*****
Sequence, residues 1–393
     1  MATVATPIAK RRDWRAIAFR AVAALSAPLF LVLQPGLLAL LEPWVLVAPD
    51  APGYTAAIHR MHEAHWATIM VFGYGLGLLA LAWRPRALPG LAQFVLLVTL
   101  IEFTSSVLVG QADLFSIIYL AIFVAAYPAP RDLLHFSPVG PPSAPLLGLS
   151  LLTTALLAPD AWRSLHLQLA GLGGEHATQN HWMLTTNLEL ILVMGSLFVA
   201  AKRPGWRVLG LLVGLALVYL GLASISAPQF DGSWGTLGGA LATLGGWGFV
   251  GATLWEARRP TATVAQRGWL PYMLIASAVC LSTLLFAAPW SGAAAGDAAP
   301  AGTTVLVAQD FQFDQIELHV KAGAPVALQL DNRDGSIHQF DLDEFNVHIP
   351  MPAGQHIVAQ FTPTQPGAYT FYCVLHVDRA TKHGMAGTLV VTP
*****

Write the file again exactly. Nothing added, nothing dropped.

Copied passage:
Sequence, residues 1–393
     1  MATVATPIAK RRDWRAIAFR AVAALSAPLF LVLQPGLLAL LEPWVLVAPD
    51  APGYTAAIHR MHEAHWATIM VFGYGLGLLA LAWRPRALPG LAQFVLLVTL
   101  IEFTSSVLVG QADLFSIIYL AIFVAAYPAP RDLLHFSPVG PPSAPLLGLS
   151  LLTTALLAPD AWRSLHLQLA GLGGEHATQN HWMLTTNLEL ILVMGSLFVA
   201  AKRPGWRVLG LLVGLALVYL GLASISAPQF DGSWGTLGGA LATLGGWGFV
   251  GATLWEARRP TATVAQRGWL PYMLIASAVC LSTLLFAAPW SGAAAGDAAP
   301  AGTTVLVAQD FQFDQIELHV KAGAPVALQL DNRDGSIHQF DLDEFNVHIP
   351  MPAGQHIVAQ FTPTQPGAYT FYCVLHVDRA TKHGMAGTLV VTP